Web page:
A portion of the Appalachian Trail stuck between the Kittatinny Ridge hike and Mount Tammany, the Raccoon Ridge hike offers a relatively easy climb, rewarded by what's probably the best view of Eastern Pennsylvania from New Jersey.
Ignore the Coppermine Trail that leaves to your right, and start a relatively steep ascent on the Appalachian Trail. The climb is not as hard as it looks like from the first dozen yards or so; you will soon notice that short sections of steep ascent are always followed by relatively flat sections. Watch your footing (this is double-important on the way down), as the rocks are extremely slippery when wet.
After ten to fifteen minutes, you will arrive to the first of several lookouts. On your left, you will see a relatively open space with the remains of a fireplace. This lookout offers a good view to the east, and is relatively well protected against bad weather. If you are tired after the ascent, this is a nice place to catch your breath. When you decide to continue, you will notice that the trail levels out and gains elevation only very slowly. The young trees, mixed with undergrowth and tall grass, create a tunnel for you to go through. The trail is narrow, but very well-kept, and the next fifteen to twenty minutes will be very uneventful.
About half an hour into the hike, the forest opens, and you arrive to a place where the trail starts descending. For a short while the undergrowth is gone, and you can enjoy a nice view of the forest. From here on, deer sightings are very common; the best I have seen were four distinct groups of deer, ranging from two to four animals. Other than the occasional deer and a few views to the east, however, the hike remains quite uneventful for the next 25 to 35 minutes, until another trail, the Kaisler Road joins you from the right. If you feel like it, you can take the Kaisler Road on your way back. It will bring you to the Old Mine Road; a short trek later, you can take the Coppermine Trail back. Be aware, however, that the Old Mine Road is roughly on the same level as the Delaware River, so you'll end up climbing more than 600 feet at the end of your hike.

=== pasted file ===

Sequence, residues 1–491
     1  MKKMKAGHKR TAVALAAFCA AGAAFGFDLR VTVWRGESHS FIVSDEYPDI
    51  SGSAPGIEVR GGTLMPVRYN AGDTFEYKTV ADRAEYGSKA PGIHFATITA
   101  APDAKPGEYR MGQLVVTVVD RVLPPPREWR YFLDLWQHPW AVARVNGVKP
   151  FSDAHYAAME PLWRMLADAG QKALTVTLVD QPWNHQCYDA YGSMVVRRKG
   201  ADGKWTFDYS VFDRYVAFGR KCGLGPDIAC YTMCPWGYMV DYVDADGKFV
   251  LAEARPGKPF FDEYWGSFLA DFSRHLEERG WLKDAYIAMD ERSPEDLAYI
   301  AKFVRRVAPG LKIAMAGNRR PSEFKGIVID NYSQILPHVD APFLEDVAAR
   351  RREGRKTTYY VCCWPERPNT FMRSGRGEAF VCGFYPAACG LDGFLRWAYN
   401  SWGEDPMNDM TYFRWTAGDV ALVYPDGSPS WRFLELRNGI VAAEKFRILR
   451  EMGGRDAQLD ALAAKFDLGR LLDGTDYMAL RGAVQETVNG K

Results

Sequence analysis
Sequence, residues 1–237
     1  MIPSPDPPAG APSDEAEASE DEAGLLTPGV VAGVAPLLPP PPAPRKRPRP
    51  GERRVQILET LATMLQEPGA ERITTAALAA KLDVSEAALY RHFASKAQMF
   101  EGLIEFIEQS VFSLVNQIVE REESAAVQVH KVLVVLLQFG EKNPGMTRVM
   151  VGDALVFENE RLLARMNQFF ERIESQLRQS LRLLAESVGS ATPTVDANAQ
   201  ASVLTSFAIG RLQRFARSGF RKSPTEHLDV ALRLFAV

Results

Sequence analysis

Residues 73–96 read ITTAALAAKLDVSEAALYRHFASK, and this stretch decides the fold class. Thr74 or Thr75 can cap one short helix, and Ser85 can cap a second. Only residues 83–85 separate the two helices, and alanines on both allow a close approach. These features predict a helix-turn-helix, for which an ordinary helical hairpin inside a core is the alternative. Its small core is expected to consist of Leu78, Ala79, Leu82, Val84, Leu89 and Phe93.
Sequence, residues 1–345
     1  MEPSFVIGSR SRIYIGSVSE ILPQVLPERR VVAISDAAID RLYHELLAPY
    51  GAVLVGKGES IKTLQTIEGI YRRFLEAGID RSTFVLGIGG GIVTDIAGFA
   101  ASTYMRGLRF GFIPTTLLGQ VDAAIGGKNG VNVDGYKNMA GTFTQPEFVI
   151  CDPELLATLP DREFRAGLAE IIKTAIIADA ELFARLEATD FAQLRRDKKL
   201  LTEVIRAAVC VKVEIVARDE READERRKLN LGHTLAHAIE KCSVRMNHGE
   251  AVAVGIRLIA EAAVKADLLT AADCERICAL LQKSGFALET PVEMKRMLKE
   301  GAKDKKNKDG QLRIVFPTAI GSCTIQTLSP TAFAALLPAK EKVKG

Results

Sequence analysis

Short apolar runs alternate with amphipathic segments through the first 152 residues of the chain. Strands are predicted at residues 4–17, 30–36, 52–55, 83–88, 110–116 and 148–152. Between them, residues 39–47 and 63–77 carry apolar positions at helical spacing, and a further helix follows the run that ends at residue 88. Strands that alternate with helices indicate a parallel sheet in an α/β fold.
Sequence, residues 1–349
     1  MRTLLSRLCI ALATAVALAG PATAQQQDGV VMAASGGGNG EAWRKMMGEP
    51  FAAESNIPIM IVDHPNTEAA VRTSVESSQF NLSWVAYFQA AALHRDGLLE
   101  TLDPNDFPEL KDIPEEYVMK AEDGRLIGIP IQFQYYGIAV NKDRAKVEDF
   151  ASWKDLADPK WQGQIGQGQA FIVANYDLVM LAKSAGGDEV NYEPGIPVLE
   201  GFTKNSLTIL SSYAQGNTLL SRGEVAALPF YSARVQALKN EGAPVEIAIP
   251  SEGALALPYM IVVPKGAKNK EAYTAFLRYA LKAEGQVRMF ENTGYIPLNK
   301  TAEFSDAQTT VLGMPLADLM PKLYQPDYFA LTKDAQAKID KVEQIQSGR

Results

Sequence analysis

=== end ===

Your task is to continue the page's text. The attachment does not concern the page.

After the Kaisler Road joins the Appalachian Trail, the trail gets a little wider and better kept. A short trek uphill later, you will arrive to the first of the two overlooks of the Delaware River. In late fall, when the trees loose all their leaves, you will be able to get a relatively good 360-degree view. Follow the trail on its descent, almost immediately followed by a sharp climb. On the top of the climb, you will be greeted by a Worthington State Forest welcome sign. From here, it is a matter of minutes till you arrive to the Raccoon Ridge.
The ridge is relatively small, but offers an unsurpassed view west. According to Nature Walks in New Jersey by Glenn Scherer, this ridge is one of the premier spots for watching the annual fall hawk migration. I have yet to see any hawks, always having the bad luck to arrive either in late spring or during a foggy day. Once again, without leaves on the trees, you'll get a spectacular 360-degree view. You'll be able to see the Delaware Water Gap south, the Delaware river and eastern Pennsylvania west, Rattlesnake Mountain to the north and New Jersey to the east.
© Jozef Purdes, 2002